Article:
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Is affordable housing elusive in the 'Age of Opportunity'?

The Abbott Government’s decision to scrap the National Rental Affordability Scheme (NRAS) is a disappointing step, says the nation’s green building authority.

Since it was established, NRAS has delivered 14,000 affordable homes, with a further 24,000 homes in the pipeline across the country. 

“We are disappointed to see NRAS shelved.  The Abbott Government is making a short-term decision – saving $235.2 million over three years – at the expense of long-term affordability for people on the lowest incomes,” says the Green Building Council of Australia's (GBCA’s) Chief Executive Romilly Madew.

“NRAS has been a driver of affordable housing projects across Australia, and many NRAS projects have met Green Star benchmarks for sustainable design and construction.  These projects have fundamentally changed the low-cost housing market for the better.  Affordable housing projects are now routinely integrating energy and water efficiency measures to achieve more sustainable, affordable outcomes for the people who can least afford big utility bills,” Ms Madew says.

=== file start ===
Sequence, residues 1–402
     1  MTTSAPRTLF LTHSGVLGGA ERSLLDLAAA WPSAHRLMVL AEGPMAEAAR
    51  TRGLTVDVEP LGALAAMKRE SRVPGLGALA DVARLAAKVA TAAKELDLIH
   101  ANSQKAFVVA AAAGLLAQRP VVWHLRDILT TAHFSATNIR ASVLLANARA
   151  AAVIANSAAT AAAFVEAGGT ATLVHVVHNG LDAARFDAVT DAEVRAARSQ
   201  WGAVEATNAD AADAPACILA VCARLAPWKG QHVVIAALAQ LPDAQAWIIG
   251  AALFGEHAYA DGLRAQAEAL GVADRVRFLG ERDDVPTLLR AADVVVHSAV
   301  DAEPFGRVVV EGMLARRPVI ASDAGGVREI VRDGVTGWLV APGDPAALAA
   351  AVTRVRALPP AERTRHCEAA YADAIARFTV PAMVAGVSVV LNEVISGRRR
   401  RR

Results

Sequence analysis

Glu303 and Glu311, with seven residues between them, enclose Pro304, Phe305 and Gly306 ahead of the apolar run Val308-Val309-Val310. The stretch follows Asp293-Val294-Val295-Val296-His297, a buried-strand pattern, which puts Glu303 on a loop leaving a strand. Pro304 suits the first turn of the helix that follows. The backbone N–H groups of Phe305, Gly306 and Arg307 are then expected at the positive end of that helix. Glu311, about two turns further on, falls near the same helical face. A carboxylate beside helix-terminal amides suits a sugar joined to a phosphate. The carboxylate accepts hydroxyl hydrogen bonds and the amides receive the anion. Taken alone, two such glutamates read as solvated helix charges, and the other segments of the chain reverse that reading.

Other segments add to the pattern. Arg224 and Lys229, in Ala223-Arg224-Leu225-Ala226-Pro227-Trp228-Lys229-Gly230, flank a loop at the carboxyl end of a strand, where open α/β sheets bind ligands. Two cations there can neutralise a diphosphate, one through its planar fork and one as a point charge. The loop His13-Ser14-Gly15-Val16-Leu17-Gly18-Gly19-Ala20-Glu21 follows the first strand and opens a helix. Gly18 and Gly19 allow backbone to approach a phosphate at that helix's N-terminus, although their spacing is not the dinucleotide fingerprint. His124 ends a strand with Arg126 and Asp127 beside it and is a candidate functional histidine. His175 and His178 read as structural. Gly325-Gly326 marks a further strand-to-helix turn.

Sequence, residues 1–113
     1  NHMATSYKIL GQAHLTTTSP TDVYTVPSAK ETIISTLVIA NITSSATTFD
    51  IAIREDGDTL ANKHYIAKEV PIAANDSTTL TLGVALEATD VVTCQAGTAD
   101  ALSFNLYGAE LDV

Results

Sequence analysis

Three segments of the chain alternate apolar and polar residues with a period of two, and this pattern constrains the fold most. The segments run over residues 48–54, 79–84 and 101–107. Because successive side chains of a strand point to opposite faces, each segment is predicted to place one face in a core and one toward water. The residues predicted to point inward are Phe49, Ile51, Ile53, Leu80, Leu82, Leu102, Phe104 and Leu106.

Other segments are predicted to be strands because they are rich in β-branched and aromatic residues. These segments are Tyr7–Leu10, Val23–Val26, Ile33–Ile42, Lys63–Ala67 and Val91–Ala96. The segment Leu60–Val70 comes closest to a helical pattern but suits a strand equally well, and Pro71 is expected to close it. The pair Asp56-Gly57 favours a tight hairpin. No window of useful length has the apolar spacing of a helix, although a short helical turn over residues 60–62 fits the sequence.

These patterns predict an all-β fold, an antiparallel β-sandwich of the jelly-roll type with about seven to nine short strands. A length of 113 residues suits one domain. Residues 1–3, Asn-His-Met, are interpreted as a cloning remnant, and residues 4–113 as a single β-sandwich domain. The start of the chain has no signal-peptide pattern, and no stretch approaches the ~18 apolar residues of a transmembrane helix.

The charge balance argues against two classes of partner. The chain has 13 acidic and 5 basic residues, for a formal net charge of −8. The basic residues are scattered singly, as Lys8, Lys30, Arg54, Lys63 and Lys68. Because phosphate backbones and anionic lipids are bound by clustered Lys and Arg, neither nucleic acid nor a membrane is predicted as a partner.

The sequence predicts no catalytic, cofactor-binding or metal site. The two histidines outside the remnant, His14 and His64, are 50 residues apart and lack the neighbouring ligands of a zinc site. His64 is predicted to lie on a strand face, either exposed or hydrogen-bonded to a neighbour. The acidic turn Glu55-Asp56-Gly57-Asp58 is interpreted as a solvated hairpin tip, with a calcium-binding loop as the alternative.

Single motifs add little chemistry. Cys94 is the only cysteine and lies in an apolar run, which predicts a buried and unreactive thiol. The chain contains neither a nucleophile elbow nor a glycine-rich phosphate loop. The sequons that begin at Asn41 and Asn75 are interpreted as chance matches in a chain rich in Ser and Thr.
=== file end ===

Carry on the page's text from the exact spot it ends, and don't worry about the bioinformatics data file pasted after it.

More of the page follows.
Monash University’s Briggs Hall & Jackomos Hall, an NRAS project and the first building to achieve 5 Star Green Star – Multi Unit Residential As Built v1 certification in Australia, consumes 45 per cent less energy than similar sized buildings that don’t meet Green Star benchmarks. 

“The GBCA recognises that the provision of affordable housing is important in any sustainable community, and the Green Star – Communities rating tool rewards projects which incorporate a percentage of affordable dwelling stock under the ‘Affordability’ credit.  Scraping NRAS funding will make it harder for urban, regional and rural areas to provide affordable housing,” Ms Madew says.

“Mr Hockey has said that this ‘Budget that delivers a sustainable future for our children, and the generations beyond’.  However, a sustainable future means one that is economically, socially AND environmentally sustainable for all Australia’s citizens.

“In the ‘Age of Opportunity’, as the Treasurer calls it, we need to make sure that everyone has the opportunity for affordable, sustainable, liveable housing.  That is how we will build a stronger, more sustainable future for everyone,” Ms Madew concludes.